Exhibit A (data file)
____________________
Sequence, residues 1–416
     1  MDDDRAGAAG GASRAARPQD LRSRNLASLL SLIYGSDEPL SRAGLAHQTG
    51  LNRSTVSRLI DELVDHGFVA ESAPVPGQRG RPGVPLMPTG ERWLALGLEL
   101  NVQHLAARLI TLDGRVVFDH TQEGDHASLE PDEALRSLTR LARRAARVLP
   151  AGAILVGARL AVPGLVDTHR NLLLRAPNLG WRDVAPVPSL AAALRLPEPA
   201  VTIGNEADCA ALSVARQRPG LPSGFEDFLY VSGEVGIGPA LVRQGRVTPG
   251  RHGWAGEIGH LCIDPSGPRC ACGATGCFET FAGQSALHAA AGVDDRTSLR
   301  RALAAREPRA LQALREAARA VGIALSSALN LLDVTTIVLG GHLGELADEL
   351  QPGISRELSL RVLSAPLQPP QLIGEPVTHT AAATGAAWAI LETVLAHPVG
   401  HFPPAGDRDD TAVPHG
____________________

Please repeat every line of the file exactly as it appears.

Sequence, residues 1–416
     1  MDDDRAGAAG GASRAARPQD LRSRNLASLL SLIYGSDEPL SRAGLAHQTG
    51  LNRSTVSRLI DELVDHGFVA ESAPVPGQRG RPGVPLMPTG ERWLALGLEL
   101  NVQHLAARLI TLDGRVVFDH TQEGDHASLE PDEALRSLTR LARRAARVLP
   151  AGAILVGARL AVPGLVDTHR NLLLRAPNLG WRDVAPVPSL AAALRLPEPA
   201  VTIGNEADCA ALSVARQRPG LPSGFEDFLY VSGEVGIGPA LVRQGRVTPG
   251  RHGWAGEIGH LCIDPSGPRC ACGATGCFET FAGQSALHAA AGVDDRTSLR
   301  RALAAREPRA LQALREAARA VGIALSSALN LLDVTTIVLG GHLGELADEL
   351  QPGISRELSL RVLSAPLQPP QLIGEPVTHT AAATGAAWAI LETVLAHPVG
   401  HFPPAGDRDD TAVPHG